I find myself enthusiastic about this novel. Told almost as a series of short stories (but cohesive enough to be a novel in my mind), this is the story of 11 year old Darling, a resident of a Zimbabwean slum called "Paradise." Darling's voice is fresh, playful, and wise - and although her life intersects with many "political" topics, both in Zimbabwe and then later as an American immigrant, those issues mainly take a back seat to Darling's personal experience.
The first half of the novel follows Darling through her exploits with her preteen friends in Zimbabwe. Darling's life intersects many big picture issues in Zimbabwe, poverty, race, revolution, AIDS, evangelical Christianity, etc., but we only hear about them as a backdrop to the games and exploits of the gang of friends. Darling is more focused on the practicalities of her life - the intricacies of the rules of the various games invented by her friends, where she will find more guavas to eat to stave off hunger, interactions with her family members and neighbors, and her daydreams of one day joining her Aunt in America.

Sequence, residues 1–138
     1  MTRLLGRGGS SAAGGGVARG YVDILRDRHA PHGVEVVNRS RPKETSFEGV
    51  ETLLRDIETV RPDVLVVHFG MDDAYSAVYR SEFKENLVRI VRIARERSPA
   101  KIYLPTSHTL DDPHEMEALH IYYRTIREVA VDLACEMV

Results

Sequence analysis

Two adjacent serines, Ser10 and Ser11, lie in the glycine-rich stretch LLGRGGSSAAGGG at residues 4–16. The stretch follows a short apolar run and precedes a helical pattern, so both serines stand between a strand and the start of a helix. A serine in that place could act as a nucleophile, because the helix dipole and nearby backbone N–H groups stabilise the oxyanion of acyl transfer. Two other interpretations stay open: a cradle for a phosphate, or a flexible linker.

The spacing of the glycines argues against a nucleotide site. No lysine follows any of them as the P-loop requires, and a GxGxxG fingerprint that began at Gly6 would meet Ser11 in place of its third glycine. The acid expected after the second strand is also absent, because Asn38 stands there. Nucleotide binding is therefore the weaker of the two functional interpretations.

One thing I loved about this book is the loved the rich vivid metaphor that laces NoViolet Bulawayo's storytelling:
Then MotherLove stands beside this giant poster of Jesus and starts singing. At first there is this hush, as if people don't know what music is for, but then they start swaying. Soon they are gyrating and twisting and writhing and shuffling and rocking. MotherLove's head is tilted up like she's drinking the stuffy air, her eyes closed. Her mouth is open just a little, you'd think she didn't even want to sing, but her voice is boiling out of her and steaming up the place.
I also appreciated the message of the story, especially as we follow Darling to America. Darling has much to say about the ranks of "illegals," working in America and the heartbreaking reality of being without a country to call home. I'm not surprised this one didn't ultimately win the Booker this year, but I'm very grateful to have read it.